New York Schools Get 1-Year Stay In Felton Case
A federal district judge in Brooklyn has given the New York City Board of Education until the 1986-87 school year to comply with the U.S. Supreme Court decision barring Chapter 1 compensatory-education teachers from private-school classrooms.
The delay, signed by U.S. District Judge Edward R. Neaher late last month and released last week, applies only to New York City. Its effect on other large cities struggling with the administrative problems caused by the High Court's decision in Aguilar v. Felton is unclear.
"None of us see this as precedent-setting in terms of giving us a delay," said Thomas C. Rosica, executive director of categorical programs for the Philadelphia school district. But the decision does bolster hopes that big cities can win a delay, he said.
U.S. Secretary of Education William J. Bennett, who has been sued by a lobbying group for advocating a one-year postponement in the implementation of Felton, called the district court's decision "a victory for common sense." Justice Department lawyers had joined the city in arguing for more time.
Besides the one-year stay, Judge Neaher, who in 1983 upheld the legality of New York's Chapter 1 program, ordered officials to report every 60 days on their progress toward devising new ways of serving Chapter 1 students in religious schools.
Florence Flast, chairman of the New York State chapter of the group Public Education and Religious Liberty (pearl), called the one-year delay "uncalled-for and unnecessary."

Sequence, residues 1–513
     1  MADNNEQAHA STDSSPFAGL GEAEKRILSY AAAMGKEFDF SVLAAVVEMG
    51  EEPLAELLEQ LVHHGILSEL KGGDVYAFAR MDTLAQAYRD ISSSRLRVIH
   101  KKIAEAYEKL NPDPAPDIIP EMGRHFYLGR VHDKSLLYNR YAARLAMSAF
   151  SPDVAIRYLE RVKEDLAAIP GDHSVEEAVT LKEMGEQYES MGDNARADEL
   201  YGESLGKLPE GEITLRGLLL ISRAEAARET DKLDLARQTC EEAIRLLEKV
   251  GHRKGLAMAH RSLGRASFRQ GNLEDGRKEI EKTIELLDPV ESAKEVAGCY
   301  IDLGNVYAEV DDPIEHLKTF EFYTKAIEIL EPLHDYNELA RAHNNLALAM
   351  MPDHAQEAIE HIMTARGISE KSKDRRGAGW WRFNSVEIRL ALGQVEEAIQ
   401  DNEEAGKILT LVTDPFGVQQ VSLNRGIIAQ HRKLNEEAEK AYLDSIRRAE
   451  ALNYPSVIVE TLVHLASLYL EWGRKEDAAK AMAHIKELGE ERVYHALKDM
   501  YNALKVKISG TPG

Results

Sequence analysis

Ms. Flast's organization, initiator of the successful court challenge to the Chapter 1 program, had asked Judge Neaher to require New York districts to implement Felton within 30 days.
Nathan Quinones, the New York City schools chancellor, said, "We are pleased that the court has decided to permit us the time to redesign the Chapter 1 program so that we can continue to provide these badly needed remediation services for all eligible children in New York City."
In Felton, the Court affirmed a4July 1984 decision by the U.S. Court of Appeals for the Second Circuit, which reversed Judge Neaher and ordered that New York schools be "afforded enough time" to devise a new program for serving religious-school students.
The question of when the ruling would be implemented then reverted to Judge Neaher in the Eastern District of New York.
Because Chapter 1 aid to private schools is mandated by the Congress, school districts that had administered programs on private-school grounds--the most common method of providing the aid--have been scrambling to find alternatives in the wake of the Felton decision.
The Council of Great City Schools, a coalition of 35 urban districts, is considering legislative and judicial avenues to gain some relief, according to Michael Casserly, a legislative associate with the council.
Several big urban districts are reportedly considering seeking a one-year delay based on the New York decision. These include Chicago, Detroit, Los Angeles, and Philadelphia, according to sources.
The council is exploring whether the courts or the Congress can order a one-year moratorium on federal audits of Chapter 1 programs at odds with Education Department guidelines instructing states to comply with Felton, according to Mr. Casserly.
He said he has held discussions with Americans United for Separation of Church and State--the group that sued Mr. Bennett--about adding such a provision to one of the lawsuits pending against the Secretary.
Barring such action, the Education Department will "continue our usual audit practices," said Lon Anderson, a spokesman. "It has never been our purpose to invite circumvention of the law."
Meanwhile, Americans United has asked a federal judge in Louisville, Ky., to order immediate nationwide implementation of Felton.
A spokesman for the organization, Joseph L. Conn, said he did not think the decision in New York would have "much effect" on its legal actions because the "fact situations are entirely different."
Mr. Bennett, in a prepared statement, commented, "The decision should put to rest specious claims that the department was somehow acting improperly to block implementation of the Felton decision."